Data Visualization For Social Science

I’ve started reading Kieran Healy’s book, Data Visualization For Social Science.  He has a free draft available online, and it automatically builds nightly so you’re seeing the latest version.  From the preface:

This book is a hands-on introduction to the principles and practice of looking at and presenting data using R and ggplot. R is a powerful, widely used, and freely available programming language for data analysis. You may be interested in exploring ggplot after having used R before, or be entirely new to both R and ggplot and just want to graph your data. I do not assume you have any prior knowledge of R.

After installing the software we need, we begin with an overview of some basic principles of visualization. We focus not just on the aesthetic aspects of good plots, but on how their effectiveness is rooted in the way we perceive properties like length, absolute and relative size, orientation, shape, and color. We then learn how to produce and refine plots using ggplot2, a powerful, versatile, and widely-used visualization library for R (Wickham 2016a). The ggplot2 library implements a “grammar of graphics” (Wilkinson 2005). This approach gives us a coherent way to produce visualizations by expressing relationships between the attributes of data and their graphical representation.

Through a series of worked examples, you will learn how to build plots piece by piece, beginning with scatterplots and summaries of single variables, then moving on to more complex graphics. Topics covered include plotting continuous and categorical variables, layering information on graphics; faceting grouped data to produce effective “small multiple” plots; transforming data to easily produce visual summaries on the graph such as trend lines, linear fits, error ranges, and boxplots; creating maps, and also some alternatives to maps worth considering when presenting country- or state-level data. We will also cover cases where we are not working directly with a dataset, but rather with estimates from a statistical model. From there, we will explore the process of refining plots to accomplish common tasks such as highlighting key features of the data, labeling particular items of interest, annotating plots, and changing their overall appearance. Finally we will examine some strategies for presenting graphical results in different formats, and to different sorts of audiences.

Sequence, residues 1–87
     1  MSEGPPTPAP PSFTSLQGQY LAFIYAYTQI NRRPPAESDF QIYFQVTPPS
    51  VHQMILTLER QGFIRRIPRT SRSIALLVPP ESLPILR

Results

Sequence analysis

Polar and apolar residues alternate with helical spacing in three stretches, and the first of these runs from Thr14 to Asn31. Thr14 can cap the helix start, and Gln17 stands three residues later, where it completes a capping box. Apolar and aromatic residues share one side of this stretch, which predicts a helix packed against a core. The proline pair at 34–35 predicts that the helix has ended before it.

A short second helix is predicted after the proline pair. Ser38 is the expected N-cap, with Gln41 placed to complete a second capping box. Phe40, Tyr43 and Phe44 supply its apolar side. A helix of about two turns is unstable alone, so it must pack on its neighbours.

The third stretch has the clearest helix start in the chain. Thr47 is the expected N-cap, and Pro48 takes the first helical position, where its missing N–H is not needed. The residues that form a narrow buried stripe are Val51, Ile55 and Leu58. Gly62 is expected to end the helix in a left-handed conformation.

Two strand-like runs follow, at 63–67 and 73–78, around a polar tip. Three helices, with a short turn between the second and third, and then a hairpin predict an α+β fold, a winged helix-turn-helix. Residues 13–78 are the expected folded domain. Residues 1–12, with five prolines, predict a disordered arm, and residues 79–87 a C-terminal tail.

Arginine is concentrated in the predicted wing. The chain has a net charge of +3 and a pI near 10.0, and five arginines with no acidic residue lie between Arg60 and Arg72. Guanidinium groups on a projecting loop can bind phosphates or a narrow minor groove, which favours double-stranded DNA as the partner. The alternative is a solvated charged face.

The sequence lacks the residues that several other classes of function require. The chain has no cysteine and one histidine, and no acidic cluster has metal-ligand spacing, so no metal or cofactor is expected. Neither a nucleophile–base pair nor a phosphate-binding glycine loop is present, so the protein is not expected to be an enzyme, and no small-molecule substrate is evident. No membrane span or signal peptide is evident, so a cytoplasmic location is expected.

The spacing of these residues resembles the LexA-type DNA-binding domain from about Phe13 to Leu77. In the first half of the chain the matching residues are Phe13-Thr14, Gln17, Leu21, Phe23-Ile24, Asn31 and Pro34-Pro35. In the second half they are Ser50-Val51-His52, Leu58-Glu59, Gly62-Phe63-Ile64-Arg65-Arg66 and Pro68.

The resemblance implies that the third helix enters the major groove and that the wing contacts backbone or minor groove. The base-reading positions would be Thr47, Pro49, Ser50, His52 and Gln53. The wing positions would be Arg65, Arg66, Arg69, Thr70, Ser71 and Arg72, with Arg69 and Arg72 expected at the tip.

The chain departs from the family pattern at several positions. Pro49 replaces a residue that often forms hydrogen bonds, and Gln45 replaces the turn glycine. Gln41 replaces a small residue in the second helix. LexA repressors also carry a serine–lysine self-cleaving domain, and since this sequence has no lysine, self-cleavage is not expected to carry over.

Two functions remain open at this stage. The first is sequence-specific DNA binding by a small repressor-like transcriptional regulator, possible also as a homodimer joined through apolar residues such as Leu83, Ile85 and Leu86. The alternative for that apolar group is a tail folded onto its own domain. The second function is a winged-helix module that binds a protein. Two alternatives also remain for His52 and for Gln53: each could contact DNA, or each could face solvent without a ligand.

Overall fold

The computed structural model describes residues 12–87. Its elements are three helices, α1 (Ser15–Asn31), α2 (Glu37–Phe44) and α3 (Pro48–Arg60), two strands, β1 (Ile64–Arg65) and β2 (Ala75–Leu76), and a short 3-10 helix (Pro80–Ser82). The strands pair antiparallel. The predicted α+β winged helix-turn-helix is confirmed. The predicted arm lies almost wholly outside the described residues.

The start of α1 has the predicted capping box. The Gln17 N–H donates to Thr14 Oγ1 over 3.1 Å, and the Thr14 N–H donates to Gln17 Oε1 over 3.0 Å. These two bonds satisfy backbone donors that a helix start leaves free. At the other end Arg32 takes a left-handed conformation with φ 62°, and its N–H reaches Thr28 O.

I’m less than halfway through the book so far, but it is quite an approachable look at the ggplot2 library with a bit of discussion on what makes for quality graphics.

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